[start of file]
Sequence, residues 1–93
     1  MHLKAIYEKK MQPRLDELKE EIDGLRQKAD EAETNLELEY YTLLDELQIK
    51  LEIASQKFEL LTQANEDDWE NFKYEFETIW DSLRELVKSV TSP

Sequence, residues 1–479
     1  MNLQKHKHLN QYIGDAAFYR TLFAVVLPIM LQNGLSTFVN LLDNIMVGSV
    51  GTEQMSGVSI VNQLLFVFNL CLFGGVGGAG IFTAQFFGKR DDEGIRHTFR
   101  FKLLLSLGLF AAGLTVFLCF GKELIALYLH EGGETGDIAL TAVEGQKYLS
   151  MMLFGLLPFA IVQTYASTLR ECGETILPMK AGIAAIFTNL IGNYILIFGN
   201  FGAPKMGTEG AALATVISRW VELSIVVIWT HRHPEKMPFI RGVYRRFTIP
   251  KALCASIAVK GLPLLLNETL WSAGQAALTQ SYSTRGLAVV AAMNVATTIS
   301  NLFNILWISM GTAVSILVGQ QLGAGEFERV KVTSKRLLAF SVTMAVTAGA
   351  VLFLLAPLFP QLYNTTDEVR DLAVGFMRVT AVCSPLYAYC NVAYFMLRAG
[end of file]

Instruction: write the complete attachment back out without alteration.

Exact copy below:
Sequence, residues 1–93
     1  MHLKAIYEKK MQPRLDELKE EIDGLRQKAD EAETNLELEY YTLLDELQIK
    51  LEIASQKFEL LTQANEDDWE NFKYEFETIW DSLRELVKSV TSP

Sequence, residues 1–479
     1  MNLQKHKHLN QYIGDAAFYR TLFAVVLPIM LQNGLSTFVN LLDNIMVGSV
    51  GTEQMSGVSI VNQLLFVFNL CLFGGVGGAG IFTAQFFGKR DDEGIRHTFR
   101  FKLLLSLGLF AAGLTVFLCF GKELIALYLH EGGETGDIAL TAVEGQKYLS
   151  MMLFGLLPFA IVQTYASTLR ECGETILPMK AGIAAIFTNL IGNYILIFGN
   201  FGAPKMGTEG AALATVISRW VELSIVVIWT HRHPEKMPFI RGVYRRFTIP
   251  KALCASIAVK GLPLLLNETL WSAGQAALTQ SYSTRGLAVV AAMNVATTIS
   301  NLFNILWISM GTAVSILVGQ QLGAGEFERV KVTSKRLLAF SVTMAVTAGA
   351  VLFLLAPLFP QLYNTTDEVR DLAVGFMRVT AVCSPLYAYC NVAYFMLRAG